7 September 1956: At Edwards Air Force Base, California, test pilot Captain Iven Carl Kincheloe, Jr., U.S. Air Force, flew the Bell X-2 rocketplane, serial number 46-674, to a speed of Mach 1.7 and an altitude of 126,200 feet (38,465 meters). He was the first pilot to fly above 100,000 feet (30,480 meters) and is called “The First of the Spacemen”.

The X-2 was a joint project of the U.S. Air Force and NACA (the National Advisory Committee for Aeronautics, the predecessor of NASA). The rocketplane was designed and built by Bell Aircraft Corporation of Buffalo, New York, to explore supersonic flight at speeds beyond the capabilities of the earlier Bell X-1 and Douglas D-558-2 Skyrocket. In addition to the aerodynamic effects of speeds in the Mach 2.0–Mach 3.0 range, engineers knew that the high temperatures created by aerodynamic friction would be a problem, so the aircraft was built from Stainless Steel and K-Monel, a copper-nickel alloy.

The Bell Aircraft Corporation X-2 was 37 feet, 10 inches (11.532 meters) long with a wingspan of 32 feet, 3 inches (9.830 meters) and height of 11 feet, 10 inches (3.607 meters). Its empty weight was 12,375 pounds (5,613 kilograms) and loaded weight was 24,910 pounds (11,299 kilograms).

The X-2 was powered by a throttleable Curtiss-Wright XLR25-CW-1 rocket engine that produced 2,500–15,000 pounds of thrust (11.12–66.72 kilonewtons) burning alcohol and liquid oxygen. The engine used two rocket chambers and had pneumatic, electrical and mechanical controls. The smaller chamber could produce a maximum 5,000 pounds of thrust, and the larger, 10,000 pounds (22.24 and 44.48 likonewtons, respectively). Professor Robert H. Goddard, “The Father of Modern Rocketry,” authorized Curtiss-Wright to use his patents, and his rocketry team went to work for the Curtiss-Wright Rocket Department. Royalties for use of the patents were paid to the Guggenheim Foundation and Clark university. Professor Goddard died before he could also make the move.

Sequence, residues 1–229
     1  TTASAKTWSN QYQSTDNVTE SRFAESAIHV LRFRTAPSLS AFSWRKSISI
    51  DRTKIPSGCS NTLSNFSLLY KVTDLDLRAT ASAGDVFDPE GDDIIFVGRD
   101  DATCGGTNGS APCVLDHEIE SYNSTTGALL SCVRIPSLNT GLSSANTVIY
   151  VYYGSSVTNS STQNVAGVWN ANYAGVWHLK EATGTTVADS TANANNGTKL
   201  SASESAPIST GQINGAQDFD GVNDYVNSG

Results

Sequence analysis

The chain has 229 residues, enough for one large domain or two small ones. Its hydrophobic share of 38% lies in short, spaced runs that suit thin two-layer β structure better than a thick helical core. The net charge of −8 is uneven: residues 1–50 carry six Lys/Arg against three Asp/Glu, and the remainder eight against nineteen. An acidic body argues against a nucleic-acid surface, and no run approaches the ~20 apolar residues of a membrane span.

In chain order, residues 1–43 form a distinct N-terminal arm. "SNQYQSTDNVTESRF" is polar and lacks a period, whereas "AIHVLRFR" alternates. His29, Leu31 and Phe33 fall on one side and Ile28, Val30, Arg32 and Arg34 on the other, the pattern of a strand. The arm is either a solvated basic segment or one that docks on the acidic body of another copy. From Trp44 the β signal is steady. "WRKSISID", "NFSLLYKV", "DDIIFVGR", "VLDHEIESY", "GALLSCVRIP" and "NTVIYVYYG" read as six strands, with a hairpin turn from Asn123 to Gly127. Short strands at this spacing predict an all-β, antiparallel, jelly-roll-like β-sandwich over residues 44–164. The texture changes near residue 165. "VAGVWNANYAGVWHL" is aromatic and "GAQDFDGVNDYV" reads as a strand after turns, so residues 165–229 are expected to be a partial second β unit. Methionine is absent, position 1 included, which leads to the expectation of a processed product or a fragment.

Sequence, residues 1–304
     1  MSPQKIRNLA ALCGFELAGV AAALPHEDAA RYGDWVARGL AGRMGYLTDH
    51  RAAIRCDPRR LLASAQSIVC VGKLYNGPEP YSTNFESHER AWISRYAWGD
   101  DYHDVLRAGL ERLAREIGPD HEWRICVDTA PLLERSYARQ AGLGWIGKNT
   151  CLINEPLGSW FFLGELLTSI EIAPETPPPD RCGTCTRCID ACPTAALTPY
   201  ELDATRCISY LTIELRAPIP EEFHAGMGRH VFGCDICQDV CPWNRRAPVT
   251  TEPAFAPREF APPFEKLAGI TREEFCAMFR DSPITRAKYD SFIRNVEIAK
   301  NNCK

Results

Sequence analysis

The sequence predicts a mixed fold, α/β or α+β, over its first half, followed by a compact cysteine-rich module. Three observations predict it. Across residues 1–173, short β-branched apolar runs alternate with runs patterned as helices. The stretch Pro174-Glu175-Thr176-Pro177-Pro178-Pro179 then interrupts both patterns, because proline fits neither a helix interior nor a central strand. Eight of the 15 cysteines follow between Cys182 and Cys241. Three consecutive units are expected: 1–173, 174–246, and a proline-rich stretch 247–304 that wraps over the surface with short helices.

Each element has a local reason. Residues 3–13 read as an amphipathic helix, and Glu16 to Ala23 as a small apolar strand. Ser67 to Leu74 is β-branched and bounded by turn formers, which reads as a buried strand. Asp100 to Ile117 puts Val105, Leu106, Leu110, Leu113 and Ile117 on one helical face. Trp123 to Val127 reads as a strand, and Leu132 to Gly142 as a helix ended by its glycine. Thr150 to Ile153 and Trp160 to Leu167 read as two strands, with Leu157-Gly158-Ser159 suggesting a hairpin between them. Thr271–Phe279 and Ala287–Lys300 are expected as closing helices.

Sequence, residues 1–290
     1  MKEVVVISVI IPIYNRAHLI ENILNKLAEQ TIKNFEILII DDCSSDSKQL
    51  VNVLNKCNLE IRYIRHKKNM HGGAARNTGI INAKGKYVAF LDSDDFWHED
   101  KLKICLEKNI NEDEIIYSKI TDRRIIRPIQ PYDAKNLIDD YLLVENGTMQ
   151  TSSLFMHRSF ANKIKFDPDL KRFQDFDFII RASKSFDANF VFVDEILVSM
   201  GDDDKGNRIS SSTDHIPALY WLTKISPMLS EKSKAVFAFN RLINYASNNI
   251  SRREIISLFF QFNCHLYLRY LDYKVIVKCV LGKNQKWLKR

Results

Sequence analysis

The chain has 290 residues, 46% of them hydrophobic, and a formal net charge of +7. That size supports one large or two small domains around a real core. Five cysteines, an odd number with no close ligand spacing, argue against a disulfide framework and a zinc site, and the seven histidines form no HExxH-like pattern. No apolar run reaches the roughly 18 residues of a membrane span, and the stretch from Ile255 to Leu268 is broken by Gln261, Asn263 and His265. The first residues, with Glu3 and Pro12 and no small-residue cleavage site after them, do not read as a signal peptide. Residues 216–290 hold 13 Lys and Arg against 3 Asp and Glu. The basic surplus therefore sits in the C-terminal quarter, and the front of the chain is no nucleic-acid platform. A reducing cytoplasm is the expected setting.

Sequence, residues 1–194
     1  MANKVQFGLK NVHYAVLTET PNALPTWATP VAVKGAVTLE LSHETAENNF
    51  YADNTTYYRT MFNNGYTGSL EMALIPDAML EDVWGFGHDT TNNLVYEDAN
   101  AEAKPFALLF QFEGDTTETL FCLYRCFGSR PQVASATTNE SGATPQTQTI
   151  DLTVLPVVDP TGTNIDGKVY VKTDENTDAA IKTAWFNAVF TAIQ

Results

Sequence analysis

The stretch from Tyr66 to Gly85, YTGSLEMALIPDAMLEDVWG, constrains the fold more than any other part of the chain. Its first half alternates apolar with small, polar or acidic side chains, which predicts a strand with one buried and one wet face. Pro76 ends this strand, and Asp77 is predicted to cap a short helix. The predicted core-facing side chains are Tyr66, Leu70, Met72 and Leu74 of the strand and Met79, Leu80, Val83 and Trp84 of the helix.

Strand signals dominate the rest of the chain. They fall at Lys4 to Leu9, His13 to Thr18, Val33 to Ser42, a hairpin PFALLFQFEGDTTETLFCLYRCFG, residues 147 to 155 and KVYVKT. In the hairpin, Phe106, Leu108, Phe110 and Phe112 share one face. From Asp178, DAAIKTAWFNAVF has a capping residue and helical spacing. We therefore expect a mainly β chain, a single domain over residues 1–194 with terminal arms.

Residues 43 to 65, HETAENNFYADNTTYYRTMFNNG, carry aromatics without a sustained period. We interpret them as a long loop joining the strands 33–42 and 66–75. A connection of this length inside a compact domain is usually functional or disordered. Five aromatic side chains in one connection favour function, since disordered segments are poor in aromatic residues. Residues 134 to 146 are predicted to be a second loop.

Rather than use its limited fuel capacity to take off and climb to altitude, the X-2 was dropped from a modified heavy bomber as had been the earlier rocketplanes. A four-engine Boeing B-50A Superfortress bomber, serial number 46-011, was modified as the ”mothership.” A second Superfortress, B-50D-95-BO 48-096, was also modified to carry the X-2, and was redesignated EB-50D

The launch altitude was 30,000 feet (9,144 meters). After the fuel was exhausted, the X-2 glided to a touchdown on Rogers Dry Lake at Edwards Air Force Base.

The Bell X-2 carried by Boeing EB-50D Superfortress 48-096. (U.S. Air Force)
A Bell X-2 carried by Boeing EB-50D Superfortress 48-096. (U.S. Air Force)

Iven Kincheloe was awarded the Mackay Trophy for this flight. His altitude record remained unbeaten until the X-15 Project.

Iven Kincheloe stands in front of the Bell X-2 and the entire support team at Edwards Air Force Base. The "mothership" is a highly-modified Boeing EB-50D Superfortress. Chase aircraft are a North American F-86 Sabre, Lockheed T-33 Shooting Star, North American F-100 Super Sabre. The rescue helicopter is a Sikorsky H-19.